Extra Points: Brian Spano 10/23
By PrepsKC Senior Writer Brian Spano
Ever show up early to a high school football game just to watch the teams warm up? Ever stay late to watch the teams shake hands? Have you ever noticed why an extra three minutes are tacked on to halftime after the teams have already returned to the field from their respective locker rooms?
It’s these little rituals and idiosyncrasies about the game that have always piqued my interest. There’s more to the game than what happens from opening kickoff to final whistle.
Forget the constant barrage of music or the cutesy announcements from the public address announcer. Keep an eye on the happenings on the field before, during and after the game.
If you arrive early, watch how the coaching staff or the reserves will stand near midfield, acting almost like a wall so the other team can’t see the plays being run at the far end of the field.
I find this somewhat ironic since both teams have already exchanged film on each other and have already studied one another’s tendencies ad nauseam.
When the officiating crew arrives prior to the game, they will walk the field from end zone to end zone to make sure all the pylons and yard markers are placed correctly. They meet with the chain gang and head coaches to go over any special ground rules that might be unique to that field.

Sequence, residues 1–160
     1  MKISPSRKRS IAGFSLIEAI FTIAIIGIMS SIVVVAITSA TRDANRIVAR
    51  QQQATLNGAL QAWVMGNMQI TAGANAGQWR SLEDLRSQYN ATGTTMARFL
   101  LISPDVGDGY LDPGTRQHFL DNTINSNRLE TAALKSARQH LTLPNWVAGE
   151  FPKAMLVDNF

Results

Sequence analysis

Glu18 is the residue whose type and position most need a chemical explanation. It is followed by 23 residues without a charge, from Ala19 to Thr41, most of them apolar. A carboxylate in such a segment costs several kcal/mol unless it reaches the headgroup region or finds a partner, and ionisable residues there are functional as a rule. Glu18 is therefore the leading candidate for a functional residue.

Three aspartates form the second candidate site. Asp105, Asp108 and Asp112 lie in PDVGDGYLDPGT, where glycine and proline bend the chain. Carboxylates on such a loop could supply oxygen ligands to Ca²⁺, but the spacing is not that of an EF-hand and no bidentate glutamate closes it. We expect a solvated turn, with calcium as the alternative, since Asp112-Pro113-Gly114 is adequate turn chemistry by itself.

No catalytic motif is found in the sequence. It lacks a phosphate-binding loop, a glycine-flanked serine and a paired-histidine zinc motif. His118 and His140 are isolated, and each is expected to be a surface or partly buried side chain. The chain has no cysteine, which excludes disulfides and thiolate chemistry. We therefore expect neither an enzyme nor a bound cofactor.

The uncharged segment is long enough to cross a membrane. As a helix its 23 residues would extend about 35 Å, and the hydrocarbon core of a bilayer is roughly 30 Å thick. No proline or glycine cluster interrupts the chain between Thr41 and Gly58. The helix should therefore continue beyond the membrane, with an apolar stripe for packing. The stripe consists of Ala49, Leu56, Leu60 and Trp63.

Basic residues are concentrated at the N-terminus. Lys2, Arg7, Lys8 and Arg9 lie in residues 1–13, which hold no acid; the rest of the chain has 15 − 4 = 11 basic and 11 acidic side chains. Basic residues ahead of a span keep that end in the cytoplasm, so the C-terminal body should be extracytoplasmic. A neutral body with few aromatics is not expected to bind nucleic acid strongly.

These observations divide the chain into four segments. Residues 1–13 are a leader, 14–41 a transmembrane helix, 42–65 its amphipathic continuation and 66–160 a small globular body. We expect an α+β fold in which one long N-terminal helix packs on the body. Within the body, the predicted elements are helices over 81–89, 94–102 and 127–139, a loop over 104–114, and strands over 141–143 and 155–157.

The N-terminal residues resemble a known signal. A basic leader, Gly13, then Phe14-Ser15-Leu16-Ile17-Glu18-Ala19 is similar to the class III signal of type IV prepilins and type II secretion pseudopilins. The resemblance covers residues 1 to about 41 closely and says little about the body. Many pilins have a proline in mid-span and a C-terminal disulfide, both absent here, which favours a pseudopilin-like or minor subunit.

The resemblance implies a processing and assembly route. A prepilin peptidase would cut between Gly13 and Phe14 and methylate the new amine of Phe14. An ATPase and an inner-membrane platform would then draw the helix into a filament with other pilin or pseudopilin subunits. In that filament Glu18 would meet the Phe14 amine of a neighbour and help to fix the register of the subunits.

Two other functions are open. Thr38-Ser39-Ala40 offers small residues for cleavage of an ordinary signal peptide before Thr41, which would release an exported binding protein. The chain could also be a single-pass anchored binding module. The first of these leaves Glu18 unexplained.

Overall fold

When halftime rolls around, notice that the referee will instruct the clock operator to roll the clock once the teams have left the field, no sooner. And additional time is usually added to the intermission on special occasions like Homecoming and Senior Night.
But then there’s that extra three minutes that’s added when the teams come back out after halftime. Why don’t they just make halftime three minutes longer? Great question. Unfortunately, I don’t have the perfect answer to that, but an official told me that once the teams come back out, they put three minutes on the clock for a mandatory warm-up time for both teams.
We’ve all seen players thrust their arms into the air with four fingers raised when the fourth quarter hits. Why? Well, football is a four-quarter game, and these kids, win or lose, are playing until that final whistle blows.
And when that final whistle blows, each team lines up at midfield for the congratulatory, or consoling, handshake. My favorite part of that is when the opposing coach seeks out a player on the other team to either congratulate or console him. It’s when you really know how tight knit this “community” really is.
When the handshakes end, each team adjourns to either end of the field, takes a knee and listens intently to what the coach has to tell them, both good and bad, about what just took place in the game, while I and whatever other reporters wait around to talk to said coach.
The final moment before the players head to the locker room and go their separate way for the night is a tight team huddle and a loud chant, usually the team name, called a breakdown.
It’s everything, besides the game, that goes into a typical Friday night.
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